Brexit: deal or no deal Contents

Chapter 1: Introduction

The subject-matter of this report

1.In May 2016, a few weeks before the referendum of 23 June 2016, we published a report entitled The process of withdrawing from the European Union1. That report described a still hypothetical process, drawing on expert evidence to analyse the terms of Article 50 of the Treaty on European Union (TEU), and seeking to set out the key legal and political issues in measured, dispassionate language. The report bears re-reading today, when many of the issues we canvassed, such as revocability of the Article 50 notification, the length of the negotiations, the links between the agreements on withdrawal and on future relations, and the consequences were the negotiations to break down without agreement, have become topics of often heated debate and argument.

2.The key difference between the process, as we outlined it in May 2016, and as it has in fact transpired, is time. In 2016 we envisaged a negotiation lasting until at least 2020, making use of the provision in Article 50 to extend the UK’s EU membership. Now, in contrast, the Government’s clear policy is that the UK will leave the EU on 29 March 2019, and that negotiations must be completed before that deadline. As the EU’s Chief Negotiator, Michel Barnier, has said, “the clock is ticking”.2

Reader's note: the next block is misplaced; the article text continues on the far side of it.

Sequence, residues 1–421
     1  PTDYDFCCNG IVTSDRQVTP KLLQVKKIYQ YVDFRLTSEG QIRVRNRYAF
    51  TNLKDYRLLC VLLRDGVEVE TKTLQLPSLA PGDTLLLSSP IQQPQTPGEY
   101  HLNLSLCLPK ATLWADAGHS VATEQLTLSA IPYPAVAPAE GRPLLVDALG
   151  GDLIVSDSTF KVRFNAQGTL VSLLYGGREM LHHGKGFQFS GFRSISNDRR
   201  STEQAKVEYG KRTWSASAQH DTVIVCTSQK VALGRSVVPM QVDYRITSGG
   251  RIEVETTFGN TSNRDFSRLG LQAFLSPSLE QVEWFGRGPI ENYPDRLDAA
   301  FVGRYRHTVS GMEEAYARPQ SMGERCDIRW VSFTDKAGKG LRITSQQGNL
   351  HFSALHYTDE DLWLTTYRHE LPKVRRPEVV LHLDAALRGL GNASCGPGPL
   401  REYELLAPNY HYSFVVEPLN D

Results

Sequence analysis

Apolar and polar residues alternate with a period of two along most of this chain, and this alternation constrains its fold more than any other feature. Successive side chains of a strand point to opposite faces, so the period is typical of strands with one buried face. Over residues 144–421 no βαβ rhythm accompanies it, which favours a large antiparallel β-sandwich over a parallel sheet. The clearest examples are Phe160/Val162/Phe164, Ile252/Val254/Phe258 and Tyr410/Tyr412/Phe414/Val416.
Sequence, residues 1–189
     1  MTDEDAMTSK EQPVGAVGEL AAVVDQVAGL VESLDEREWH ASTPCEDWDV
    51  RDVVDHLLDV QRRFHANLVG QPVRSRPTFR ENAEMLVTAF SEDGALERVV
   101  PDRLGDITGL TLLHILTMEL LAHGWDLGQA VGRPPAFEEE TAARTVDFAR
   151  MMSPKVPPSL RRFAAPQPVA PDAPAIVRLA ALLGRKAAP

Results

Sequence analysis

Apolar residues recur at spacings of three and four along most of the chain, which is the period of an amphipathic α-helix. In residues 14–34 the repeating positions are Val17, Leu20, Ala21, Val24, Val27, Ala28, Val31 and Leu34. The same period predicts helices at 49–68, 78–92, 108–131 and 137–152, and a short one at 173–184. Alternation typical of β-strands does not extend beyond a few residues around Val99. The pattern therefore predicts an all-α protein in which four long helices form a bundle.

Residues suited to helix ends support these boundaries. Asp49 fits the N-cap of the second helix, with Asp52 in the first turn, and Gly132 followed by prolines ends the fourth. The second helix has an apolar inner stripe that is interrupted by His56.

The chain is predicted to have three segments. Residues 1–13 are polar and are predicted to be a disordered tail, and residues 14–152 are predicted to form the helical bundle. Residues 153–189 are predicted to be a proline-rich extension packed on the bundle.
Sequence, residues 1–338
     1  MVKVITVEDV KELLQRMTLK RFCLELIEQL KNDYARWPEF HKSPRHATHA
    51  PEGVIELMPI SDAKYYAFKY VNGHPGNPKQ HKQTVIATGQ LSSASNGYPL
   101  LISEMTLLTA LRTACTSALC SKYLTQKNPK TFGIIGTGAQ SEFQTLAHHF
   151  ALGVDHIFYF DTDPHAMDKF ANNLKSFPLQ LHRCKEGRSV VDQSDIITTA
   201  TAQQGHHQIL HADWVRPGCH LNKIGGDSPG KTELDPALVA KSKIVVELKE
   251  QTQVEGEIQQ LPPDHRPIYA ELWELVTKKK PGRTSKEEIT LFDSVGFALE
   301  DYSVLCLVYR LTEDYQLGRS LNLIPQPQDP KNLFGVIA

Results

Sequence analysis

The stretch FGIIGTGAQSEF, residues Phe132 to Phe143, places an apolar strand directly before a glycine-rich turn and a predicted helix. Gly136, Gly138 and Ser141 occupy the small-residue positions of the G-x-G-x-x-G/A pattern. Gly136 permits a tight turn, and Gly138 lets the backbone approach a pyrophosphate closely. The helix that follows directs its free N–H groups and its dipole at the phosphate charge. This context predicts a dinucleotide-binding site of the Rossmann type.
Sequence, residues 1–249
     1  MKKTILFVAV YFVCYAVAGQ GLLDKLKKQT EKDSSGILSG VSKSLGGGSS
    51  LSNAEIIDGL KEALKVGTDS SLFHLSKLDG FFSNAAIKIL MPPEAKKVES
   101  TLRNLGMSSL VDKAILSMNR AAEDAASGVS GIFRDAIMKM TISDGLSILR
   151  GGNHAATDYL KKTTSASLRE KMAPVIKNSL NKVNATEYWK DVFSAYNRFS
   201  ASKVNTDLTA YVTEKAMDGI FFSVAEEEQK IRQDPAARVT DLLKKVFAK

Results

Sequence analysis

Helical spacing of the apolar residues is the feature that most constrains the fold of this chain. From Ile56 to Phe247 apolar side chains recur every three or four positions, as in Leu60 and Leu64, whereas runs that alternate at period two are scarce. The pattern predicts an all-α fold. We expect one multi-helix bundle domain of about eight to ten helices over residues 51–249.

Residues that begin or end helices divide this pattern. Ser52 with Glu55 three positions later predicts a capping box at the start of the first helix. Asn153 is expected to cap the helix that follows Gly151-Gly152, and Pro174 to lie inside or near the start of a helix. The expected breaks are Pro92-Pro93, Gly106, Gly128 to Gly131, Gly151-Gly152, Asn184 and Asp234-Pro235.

3.One consequence of this shortage of time is that both sides now accept that, as part of any deal, a transition period will be needed, in order to bridge the gap between the UK’s EU membership and the future relationship.

4.The aim of this report is to take stock: to summarise what ‘no deal’ would mean, and to set out some of the scenarios that might lead to that outcome; and to explore the aims and feasibility of a ‘transition’ period. Underpinning this report and our conclusions is the ticking of the Article 50 clock: as March 2019 approaches, lack of time will increasingly become the one dominant factor in the negotiations, and potentially a determinant of the UK’s future prosperity and security.

This inquiry

5.This inquiry was conducted between September and November 2017. We heard oral evidence on 31 October from the Secretary of State for Exiting the European Union, Rt Hon David Davis MP. In addition, we heard from a range of experts and stakeholders on both sides of the Brexit debate, including John Longworth, of Leave Means Leave, Ruth Lea CBE, Lord Darling of Roulanish, and representatives of the CBI, TUC and TheCityUK. We also received 47 written submissions. We are grateful to all our witnesses for their assistance.

6.We make this report for debate.


1 European Union Committee, The process of withdrawing from the European Union (11th Report, Session 2015–16, HL Paper 138)

2 At a press conference on 12 July 2017 Michel Barnier responded to comments by the Foreign Secretary, Rt Hon Boris Johnson MP, by saying: “I am not hearing any whistling, just a clock ticking.”




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